Contextual Eyedropper Tool
Currently, the Eyedropper Tool is an underutilized and often counter-intuitive tool that needlessly increases the complexity of a workflow because of its limitations. This- combined with Illustrator's poor color tools- often adds unnecessary time and effort to what should and could be more simplified tasks.
For example, a common situation is that I have a shape with a fill color that I like, and I want another shape that has a stroke to also use that color, except only for the stroke. Currently, if I use the eyedropper tool on the filled shape, it will completely remove the stroke and add a fill, although the desired result is neither action. The workaround, of course, is to create a new swatch of that color, then make sure the stroke is selected, and then apply the swatch color to that stroke (as the other color tools are essentially useless for matching colors, given no live preview).
This, of course, can get incredibly tedious when dealing with lots of colors and lots of fills and strokes, and it is not always desirable (nor, I would argue, should it be necessary) to always create swatches for working with colors.
This situation is of course not limited to shapes. Often I will have text that I want to have a stroke with particular cap conditions, but want the color from another stroke. However, the current process of using the eyedropper tool strips the formatting of the stroke (or whatever properties) and takes on the properties of the selected object, even though all that was wanted was the color.
A more elegant solution would be to make the eyedropper tool contextual, so that specific properties of the sampled object could applied without completely changing the selected object’s properties to conform entirely to the sampled object.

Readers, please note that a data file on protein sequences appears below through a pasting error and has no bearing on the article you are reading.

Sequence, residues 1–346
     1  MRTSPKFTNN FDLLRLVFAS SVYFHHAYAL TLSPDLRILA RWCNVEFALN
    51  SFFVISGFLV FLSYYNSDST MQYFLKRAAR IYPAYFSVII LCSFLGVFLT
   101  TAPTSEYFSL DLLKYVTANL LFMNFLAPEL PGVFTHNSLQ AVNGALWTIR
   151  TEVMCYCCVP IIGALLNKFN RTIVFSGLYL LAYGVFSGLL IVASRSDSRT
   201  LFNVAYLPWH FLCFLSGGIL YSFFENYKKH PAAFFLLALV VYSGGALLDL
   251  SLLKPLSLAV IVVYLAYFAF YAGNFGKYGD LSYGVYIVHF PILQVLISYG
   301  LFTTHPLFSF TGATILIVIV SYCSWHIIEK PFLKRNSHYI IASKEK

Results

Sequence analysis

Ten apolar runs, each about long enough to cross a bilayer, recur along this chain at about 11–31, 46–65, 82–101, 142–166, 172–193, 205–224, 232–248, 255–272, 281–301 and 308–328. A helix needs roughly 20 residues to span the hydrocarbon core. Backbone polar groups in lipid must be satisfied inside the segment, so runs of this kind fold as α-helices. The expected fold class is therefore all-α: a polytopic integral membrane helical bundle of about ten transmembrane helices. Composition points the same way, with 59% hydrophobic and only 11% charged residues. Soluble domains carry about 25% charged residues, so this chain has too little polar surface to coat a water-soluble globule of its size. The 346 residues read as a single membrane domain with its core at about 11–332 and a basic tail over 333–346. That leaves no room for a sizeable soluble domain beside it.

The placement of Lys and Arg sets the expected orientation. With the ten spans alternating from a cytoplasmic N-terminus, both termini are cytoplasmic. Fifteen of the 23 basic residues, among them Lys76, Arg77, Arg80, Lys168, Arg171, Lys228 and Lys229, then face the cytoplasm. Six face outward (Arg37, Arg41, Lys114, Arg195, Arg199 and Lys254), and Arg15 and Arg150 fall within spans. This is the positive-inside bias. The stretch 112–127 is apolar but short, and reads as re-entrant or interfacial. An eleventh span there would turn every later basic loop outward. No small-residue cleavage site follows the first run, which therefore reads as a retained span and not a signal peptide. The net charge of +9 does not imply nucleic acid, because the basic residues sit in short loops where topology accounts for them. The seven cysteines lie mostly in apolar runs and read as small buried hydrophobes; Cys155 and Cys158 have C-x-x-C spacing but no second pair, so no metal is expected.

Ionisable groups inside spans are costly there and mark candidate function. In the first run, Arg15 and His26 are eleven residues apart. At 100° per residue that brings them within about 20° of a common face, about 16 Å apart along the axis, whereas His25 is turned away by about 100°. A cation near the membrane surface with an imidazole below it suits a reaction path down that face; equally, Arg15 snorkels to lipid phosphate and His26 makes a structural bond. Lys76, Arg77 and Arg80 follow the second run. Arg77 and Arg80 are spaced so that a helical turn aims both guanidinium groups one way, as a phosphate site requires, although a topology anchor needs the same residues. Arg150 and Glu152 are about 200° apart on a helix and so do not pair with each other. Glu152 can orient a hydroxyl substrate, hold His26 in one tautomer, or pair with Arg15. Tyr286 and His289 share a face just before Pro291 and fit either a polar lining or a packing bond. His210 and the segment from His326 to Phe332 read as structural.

I would suggest the following that the eyedropper tool be modified to work contextually much like the Pen Tool works contextually.
The default state of the Eyedropper Tool would work as it currently does. However, there would then be different options that could be cycled through in the Eyedropper Tool, analogous to how there is the Pen Tool, the Add Vertex Tool, Subtract, Convert, etc.
In this usage, holding a modifier key or choosing a different function of the eyedropper tool would allow one to decide which aspects of the sampled object to apply to the selected object.
For example, if I have a circle with a red stroke and a box with a blue fill, and I want the circle to have the stroke be the same color as the box’s blue fill, I could hold Alt/Opt (as an example) to switch to the Color Sample Tool which would then sample only the color of the sampled object and apply it to either:
- Whichever property is currently active (e.g., Fill or Stroke)
- If the object has ONLY a Fill or ONLY a Stroke, it would automatically default to applying it to whichever is already extant.
This could be extended to sample the color of the pixel sampled, or the entirety of the fill or stroke (e.g., for gradients, styles, etc.)
Another option (perhaps by holding Alt+Cmd/Ctrl) would be the Stroke Style Sample Tool, which would sample the style of sampled object’s Stroke. This could even be given some further options (perhaps accessed by up or down arrows) to select only weight, weight and Caps style, Weight, Caps Style and Color, etc., all delineated by changes in the icon state.
I think that a contextual Eyedropper Tool would be a more elegant way of handling color and style sampling in Illustrator and eliminate the current workarounds necessary for an efficient workflow.
Wes Rand commented
A suggestion that might save you some time (and is something I discovered fairly recently.) If you have a box with a color and want another object to use that color for its stroke, use the eyedropper with the other object selected and then hit "shift" + "x" which will swap fill and stroke colors. A drawback is that the new stroke will be set to the default parameters.
A better option might be Adobe adopting the "Graphic find and replace" tool from Freehand it got when it bought Macromedia. Then you could make conditional changes to objects.